Othello V.’S. Macbeth: Battle of Tragedy Essays

2458 Words May 24th, 2008 10 Pages
In Shakespeare’s plays Othello and Macbeth the audience is presented with two great heroes who both poses a certain character flaw that inevitably leads to their downfall. This is the idea behind a tragic hero; a person of great importance comes to a tragic end because of a serious flaw in his character. Both Othello and Macbeth find themselves on top of the world one moment and being crushed beneath it the next. The next logical comparison to make between two of Shakespeare’s tragic heroes is who is more tragic, who fits the design of the tragic hero more closely, Othello or Macbeth.
In order for one to judge who best fits the mold of the tragic hero, Othello or Macbeth, some criteria for being compared must be decided upon. The great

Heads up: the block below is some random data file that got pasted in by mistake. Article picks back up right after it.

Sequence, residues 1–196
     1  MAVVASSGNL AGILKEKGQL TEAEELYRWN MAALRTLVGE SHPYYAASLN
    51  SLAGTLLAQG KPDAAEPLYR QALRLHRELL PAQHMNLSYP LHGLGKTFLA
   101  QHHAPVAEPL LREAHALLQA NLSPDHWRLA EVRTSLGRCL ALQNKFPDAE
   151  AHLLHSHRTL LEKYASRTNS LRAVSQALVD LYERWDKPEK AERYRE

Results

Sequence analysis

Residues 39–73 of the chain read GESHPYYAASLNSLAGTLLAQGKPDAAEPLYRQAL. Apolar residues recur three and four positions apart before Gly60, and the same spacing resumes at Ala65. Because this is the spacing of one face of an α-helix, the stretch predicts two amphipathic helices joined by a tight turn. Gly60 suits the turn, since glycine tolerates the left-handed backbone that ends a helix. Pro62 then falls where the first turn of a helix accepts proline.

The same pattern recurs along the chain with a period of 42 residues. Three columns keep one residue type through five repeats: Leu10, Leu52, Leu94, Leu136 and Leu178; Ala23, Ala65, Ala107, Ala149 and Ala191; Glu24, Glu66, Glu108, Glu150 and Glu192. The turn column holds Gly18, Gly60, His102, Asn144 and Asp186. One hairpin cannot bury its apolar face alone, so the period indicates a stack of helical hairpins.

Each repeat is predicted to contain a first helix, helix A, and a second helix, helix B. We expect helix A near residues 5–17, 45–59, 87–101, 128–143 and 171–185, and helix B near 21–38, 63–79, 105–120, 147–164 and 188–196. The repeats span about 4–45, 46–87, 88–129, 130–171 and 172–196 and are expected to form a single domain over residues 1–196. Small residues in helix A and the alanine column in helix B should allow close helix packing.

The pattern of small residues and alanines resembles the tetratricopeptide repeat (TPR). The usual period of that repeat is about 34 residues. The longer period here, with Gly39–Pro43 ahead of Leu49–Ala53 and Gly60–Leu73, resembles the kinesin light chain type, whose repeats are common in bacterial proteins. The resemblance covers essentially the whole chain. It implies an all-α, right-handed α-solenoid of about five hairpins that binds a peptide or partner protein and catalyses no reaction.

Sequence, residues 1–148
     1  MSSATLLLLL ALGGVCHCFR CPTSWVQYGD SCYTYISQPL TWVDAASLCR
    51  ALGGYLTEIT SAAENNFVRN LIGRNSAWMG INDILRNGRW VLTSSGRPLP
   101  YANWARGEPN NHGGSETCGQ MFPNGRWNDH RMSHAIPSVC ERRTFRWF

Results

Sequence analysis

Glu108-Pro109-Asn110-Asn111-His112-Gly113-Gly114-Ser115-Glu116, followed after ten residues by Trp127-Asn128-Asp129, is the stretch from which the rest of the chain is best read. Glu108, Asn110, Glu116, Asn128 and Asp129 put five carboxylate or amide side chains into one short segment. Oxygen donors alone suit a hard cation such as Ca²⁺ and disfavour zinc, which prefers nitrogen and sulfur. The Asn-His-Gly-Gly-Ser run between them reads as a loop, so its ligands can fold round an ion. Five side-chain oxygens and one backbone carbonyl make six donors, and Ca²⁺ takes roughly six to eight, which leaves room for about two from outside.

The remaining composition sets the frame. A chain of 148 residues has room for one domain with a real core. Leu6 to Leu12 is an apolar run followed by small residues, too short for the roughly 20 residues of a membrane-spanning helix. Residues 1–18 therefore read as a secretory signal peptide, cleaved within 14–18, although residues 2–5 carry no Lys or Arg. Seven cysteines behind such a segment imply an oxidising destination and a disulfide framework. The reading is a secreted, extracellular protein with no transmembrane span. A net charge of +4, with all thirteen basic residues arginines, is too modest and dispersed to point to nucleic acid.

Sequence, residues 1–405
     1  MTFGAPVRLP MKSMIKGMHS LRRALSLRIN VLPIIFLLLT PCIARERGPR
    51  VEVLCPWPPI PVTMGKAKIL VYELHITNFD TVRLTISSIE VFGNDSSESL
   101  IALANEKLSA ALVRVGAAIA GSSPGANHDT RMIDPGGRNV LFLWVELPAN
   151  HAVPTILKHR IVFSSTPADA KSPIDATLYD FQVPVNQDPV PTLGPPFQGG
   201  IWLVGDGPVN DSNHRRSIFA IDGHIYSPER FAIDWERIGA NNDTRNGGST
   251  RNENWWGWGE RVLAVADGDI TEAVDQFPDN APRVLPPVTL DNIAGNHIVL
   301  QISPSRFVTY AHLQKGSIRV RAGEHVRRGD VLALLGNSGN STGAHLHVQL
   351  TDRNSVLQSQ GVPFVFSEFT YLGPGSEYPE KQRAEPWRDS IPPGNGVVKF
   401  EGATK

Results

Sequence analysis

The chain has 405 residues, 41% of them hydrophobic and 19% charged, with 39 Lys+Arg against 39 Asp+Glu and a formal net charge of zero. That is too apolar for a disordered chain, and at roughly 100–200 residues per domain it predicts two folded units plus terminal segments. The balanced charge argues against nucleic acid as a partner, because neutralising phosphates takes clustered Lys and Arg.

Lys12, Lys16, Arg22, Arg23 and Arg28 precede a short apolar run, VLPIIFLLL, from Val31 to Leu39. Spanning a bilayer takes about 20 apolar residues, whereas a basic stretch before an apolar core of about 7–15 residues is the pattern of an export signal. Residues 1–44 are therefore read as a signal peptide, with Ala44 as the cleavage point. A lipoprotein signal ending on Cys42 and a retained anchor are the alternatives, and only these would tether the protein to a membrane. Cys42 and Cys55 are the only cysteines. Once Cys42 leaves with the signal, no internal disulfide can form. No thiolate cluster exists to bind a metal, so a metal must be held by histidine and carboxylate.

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Othello tells his trusted friend Iago, “My parts, my title, and my perfect soul/ Shall manifest me rightly” (Shakespeare 1.3.31-32). After his tragic downfall Othello once again regains a measure of his good character and realizes what a terrible crime he has committed. To set things right he sentences himself to death and carries out his final judgement upon himself. Othello is truly remorseful and realizes what a fool he was to believe “honest Iago” and the lies he told. He cries out asking how Iago, the “demi devil,” could capture his soul that way. This realization of error only helps to add more tragedy to an already tragic scene. When one looks at Macbeth, however, in regardless to his good nature and character it is hard to find many examples in the work itself from Macbeth. At the beginning of the play Macbeth is being talk about by a few different people who all regard him as noble and goodly of nature. Macbeth is also a general in his countries military, like Othello, who is respected by the people under him, as well as his peers, as a man of great worth to his country. When Macbeth is first introduced though we see him being confronted by three witches who bring visions of grandeur. One would think this a good omen, but Macbeth seems unnerved by the whole thing. Macbeth’s friend, Banquo, asks him “good sir why do you start so...” wondering why his friend is not delighted and
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